IT is a rather perverse fact of everyday life in this country that ‘experts’ can anticipate everything from terrorist attacks to natural disasters and still not really pre-empt any of the destruction that they so efficiently predict.
Granted we cannot know with certainty when a suicide bomber will strike or monsoon rains descend from the sky, nor emerge unscathed when the dreaded event does eventually come to pass.
Yet advance knowledge is valued precisely because it permits us to make plans to undertake as many offsetting measures as is humanly manageable. Science and technology do not give us divine powers, but they surely allow us to prepare better for the worst eventualities.
Unfortunately, the latter never seem to be averted. One need look no further than the most talked about event of recent times: despite intelligence indicating that a plan was being hatched, local authorities were not able to prevent the jailbreak in D.I. Khan. It is the regularity of such episodes that compels a not insignificant number of Pakistanis to ask questions about how committed the state truly is in addressing millenarian violence.
We ought to be similarly critical of the state — and other responsible institutions — on all matters of public interest, particularly those that are ostensibly uncontroversial.
Take the issue of flooding during the monsoon. Surely more people should be asking the question: why, for the fifth summer in succession, are parts of the country paralysed by floods? Why do institutions like the National Disaster Management Authority not prepare better for the natural disasters when they eventually do come around?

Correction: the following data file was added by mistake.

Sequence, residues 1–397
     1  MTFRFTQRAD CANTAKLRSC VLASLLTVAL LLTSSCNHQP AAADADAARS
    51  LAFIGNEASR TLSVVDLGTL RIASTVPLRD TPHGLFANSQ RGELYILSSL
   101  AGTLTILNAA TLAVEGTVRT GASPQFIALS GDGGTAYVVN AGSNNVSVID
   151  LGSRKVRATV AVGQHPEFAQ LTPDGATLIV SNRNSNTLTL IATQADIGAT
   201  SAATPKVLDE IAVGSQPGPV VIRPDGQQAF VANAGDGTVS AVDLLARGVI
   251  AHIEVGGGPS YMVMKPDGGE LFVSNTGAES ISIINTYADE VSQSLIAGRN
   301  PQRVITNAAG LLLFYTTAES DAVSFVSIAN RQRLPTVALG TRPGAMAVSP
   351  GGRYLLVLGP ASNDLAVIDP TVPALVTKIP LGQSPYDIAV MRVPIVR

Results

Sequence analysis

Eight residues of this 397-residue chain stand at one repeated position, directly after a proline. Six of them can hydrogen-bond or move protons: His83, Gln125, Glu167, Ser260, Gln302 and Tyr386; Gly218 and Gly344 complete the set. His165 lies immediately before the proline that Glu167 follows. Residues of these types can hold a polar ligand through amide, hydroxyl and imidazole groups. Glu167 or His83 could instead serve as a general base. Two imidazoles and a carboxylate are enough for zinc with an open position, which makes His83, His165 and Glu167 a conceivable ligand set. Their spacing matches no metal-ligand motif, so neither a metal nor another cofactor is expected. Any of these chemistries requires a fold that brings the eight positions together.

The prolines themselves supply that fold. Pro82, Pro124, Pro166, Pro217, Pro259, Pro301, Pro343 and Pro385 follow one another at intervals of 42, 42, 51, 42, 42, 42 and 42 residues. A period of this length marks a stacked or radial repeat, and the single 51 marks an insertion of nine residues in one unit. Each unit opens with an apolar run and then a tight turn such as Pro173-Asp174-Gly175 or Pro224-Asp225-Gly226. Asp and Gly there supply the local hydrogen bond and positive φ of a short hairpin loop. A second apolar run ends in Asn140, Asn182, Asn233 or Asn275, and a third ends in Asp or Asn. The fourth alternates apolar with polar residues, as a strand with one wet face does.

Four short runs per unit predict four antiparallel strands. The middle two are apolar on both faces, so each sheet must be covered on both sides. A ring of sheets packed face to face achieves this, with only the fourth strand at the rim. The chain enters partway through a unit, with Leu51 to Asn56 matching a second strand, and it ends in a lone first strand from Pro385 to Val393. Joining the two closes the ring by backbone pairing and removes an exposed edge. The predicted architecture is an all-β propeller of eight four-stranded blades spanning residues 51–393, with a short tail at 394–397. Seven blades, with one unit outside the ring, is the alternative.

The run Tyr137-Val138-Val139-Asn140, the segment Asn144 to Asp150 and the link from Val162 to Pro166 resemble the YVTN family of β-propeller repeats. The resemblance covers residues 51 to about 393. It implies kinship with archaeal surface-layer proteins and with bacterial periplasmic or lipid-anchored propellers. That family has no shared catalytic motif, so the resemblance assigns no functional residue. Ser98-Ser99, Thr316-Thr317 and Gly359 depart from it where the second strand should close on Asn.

Governmental lapses are only the tip of the iceberg. The media is never far behind. Even as a layperson, I can gauge that the flooding this year — at least to date — is not quite as bad as it has been in years past. Yet the media’s portrayal of the floods and the devastation they have caused is just as sensational as in years past. And in terms of thoughtful commentaries on the pre-emptive measures that have been — and could be — taken, the media has been virtually silent.
The government and media are indeed powerful actors that must be held to account for disaster preparedness, or lack thereof. But there is another extremely powerful player — possibly even more powerful than the usual suspects — that we cannot afford to ignore lest we misunderstand the political economy of disaster entirely.
International aid or donor agencies are arguably the most well-equipped and endowed of all the ‘experts’ in the field. There is no question of this particular constituency not having at its disposal the requisite human and material resources to deal with nature’s periodic convulsions. So where do we place aid agencies in our analysis?
I believe that seemingly beneficent donors are no less culprits than the state and corporate media in producing and reproducing ‘disaster’. The truth is that aid agencies dealing with ‘disaster’ exist because natural — and man-made — calamities take place. Put differently, the ‘solution’ is only necessary because there is a ‘problem’ in the first place. More generally, ‘poverty’ and other symptoms of ‘underdevelopment’ are what keeps the aid industry going.